Pleasure and pain: Our instincts are backwards

From a review of Dan Ariely’s The Upside of Irrationality:

Ariely points out that adaptation can be slowed or even prevented through intermittent exposure to the underlying stimulus — that is, if you take a break, the emotional sensation comes back with nearly full force.

Here’s where our intuitive response is really wrong: we have a tendency to indulge our pleasures without respite, and to take frequent breaks from those things that make us miserable. This is exactly backwards. If you want to maximize your pleasure — a great dessert, the delight of furnishing your first real apartment after graduation, a wonderful new relationship — you should trickle it into your life, with frequent breaks for your adaptive response to diminish. If you want to minimize your pain — an unpleasant chore, an awful trip — you should continue straight through without a break, because every time you stop, your adaptive response resets and you experience the discomfort anew.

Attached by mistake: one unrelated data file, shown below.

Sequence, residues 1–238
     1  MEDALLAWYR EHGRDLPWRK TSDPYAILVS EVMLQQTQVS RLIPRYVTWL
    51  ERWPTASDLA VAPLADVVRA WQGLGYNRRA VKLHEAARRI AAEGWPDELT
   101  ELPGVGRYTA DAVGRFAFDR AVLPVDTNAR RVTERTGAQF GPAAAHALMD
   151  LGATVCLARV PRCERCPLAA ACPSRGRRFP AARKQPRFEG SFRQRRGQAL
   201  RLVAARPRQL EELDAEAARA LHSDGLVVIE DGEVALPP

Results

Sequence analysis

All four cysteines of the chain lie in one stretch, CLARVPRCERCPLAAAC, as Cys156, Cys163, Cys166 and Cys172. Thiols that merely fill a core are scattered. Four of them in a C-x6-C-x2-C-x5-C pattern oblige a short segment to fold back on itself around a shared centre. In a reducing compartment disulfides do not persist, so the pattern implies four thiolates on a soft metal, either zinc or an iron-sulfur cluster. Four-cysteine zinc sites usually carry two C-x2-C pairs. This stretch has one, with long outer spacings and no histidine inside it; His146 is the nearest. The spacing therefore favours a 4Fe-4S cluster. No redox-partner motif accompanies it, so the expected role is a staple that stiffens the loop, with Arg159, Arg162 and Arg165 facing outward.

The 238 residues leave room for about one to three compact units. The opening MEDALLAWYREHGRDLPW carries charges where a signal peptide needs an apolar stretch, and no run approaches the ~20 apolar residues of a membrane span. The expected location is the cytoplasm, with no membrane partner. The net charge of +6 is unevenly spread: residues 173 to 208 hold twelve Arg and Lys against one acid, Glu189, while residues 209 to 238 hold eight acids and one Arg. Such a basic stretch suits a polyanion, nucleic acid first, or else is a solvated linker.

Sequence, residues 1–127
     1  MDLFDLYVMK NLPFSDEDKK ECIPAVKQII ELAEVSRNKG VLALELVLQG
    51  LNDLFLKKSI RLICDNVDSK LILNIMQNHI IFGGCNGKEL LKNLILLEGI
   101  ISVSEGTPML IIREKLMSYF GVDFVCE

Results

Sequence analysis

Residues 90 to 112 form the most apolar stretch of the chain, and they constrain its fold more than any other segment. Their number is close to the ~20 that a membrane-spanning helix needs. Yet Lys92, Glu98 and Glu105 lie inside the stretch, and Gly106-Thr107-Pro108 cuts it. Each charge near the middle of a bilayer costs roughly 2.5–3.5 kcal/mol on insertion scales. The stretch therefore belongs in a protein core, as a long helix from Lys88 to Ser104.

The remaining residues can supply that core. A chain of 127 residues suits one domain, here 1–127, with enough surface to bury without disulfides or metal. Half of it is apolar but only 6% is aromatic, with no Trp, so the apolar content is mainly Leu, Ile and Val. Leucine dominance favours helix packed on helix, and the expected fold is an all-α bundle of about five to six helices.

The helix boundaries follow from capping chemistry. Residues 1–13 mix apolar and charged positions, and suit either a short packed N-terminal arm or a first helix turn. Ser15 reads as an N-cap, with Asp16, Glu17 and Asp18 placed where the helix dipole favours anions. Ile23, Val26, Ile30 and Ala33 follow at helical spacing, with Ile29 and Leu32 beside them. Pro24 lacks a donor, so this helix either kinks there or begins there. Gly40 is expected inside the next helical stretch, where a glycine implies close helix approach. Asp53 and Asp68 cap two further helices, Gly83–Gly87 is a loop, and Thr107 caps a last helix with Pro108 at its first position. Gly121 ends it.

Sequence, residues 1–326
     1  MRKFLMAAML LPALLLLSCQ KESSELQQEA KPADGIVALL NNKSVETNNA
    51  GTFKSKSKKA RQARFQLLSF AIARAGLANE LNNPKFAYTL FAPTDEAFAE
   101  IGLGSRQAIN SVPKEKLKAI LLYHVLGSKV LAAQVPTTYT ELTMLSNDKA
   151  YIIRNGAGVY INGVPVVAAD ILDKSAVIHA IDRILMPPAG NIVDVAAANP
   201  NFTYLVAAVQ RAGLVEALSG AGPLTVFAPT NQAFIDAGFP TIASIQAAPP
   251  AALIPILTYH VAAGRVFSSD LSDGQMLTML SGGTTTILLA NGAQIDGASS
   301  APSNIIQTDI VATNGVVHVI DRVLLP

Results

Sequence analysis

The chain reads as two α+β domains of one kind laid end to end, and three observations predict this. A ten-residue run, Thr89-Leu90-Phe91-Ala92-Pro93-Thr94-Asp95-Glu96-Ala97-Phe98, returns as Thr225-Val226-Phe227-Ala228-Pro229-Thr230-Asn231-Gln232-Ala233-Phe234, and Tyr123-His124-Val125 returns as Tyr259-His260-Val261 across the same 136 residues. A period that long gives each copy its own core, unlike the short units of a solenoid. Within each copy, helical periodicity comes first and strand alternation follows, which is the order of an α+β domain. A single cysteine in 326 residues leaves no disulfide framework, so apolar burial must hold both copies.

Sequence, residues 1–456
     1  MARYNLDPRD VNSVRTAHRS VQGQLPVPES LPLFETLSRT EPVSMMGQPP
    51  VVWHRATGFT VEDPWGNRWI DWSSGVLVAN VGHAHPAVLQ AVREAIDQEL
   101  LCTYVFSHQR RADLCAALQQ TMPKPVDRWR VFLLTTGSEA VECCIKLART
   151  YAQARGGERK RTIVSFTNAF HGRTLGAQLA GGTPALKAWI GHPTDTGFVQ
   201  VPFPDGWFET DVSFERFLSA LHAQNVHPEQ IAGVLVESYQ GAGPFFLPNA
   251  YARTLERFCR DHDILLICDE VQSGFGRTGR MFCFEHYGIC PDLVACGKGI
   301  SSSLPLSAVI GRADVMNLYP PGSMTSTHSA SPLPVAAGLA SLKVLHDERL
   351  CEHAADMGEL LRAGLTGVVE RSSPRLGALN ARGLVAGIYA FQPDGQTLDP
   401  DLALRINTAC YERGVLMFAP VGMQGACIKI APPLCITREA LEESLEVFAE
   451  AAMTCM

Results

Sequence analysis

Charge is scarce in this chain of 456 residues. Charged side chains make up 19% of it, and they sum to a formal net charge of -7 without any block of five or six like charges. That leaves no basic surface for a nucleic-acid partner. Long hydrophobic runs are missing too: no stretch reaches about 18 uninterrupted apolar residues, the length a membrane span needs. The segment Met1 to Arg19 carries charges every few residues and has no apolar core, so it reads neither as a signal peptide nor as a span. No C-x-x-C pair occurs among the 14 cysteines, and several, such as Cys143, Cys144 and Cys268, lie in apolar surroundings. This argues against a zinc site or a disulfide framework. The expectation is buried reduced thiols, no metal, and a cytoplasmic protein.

Author: Father Silouan Thompson

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  1. I think generally speaking there’s this view (at least in the world) that the church is constantly in need of catching up with science, when often times it’s the other way around. You mean fasting, vigils etc can be beneficial? Persevering in the face of pain and struggle is the surest way through? That’s just crazy talk :)
    I love the example of circumcision. Thousands of years ago God gave the people of Israel the covenant in which they were to circumcise all new born boys on the 8th day after they were born. What have we discovered several thousand years later? The 8th day after a baby is born is the only time in their entire life where the levels of prothrombin and vitamin K (necessary for clotting) will naturally exceed 100% of normal levels. God is smart like that.

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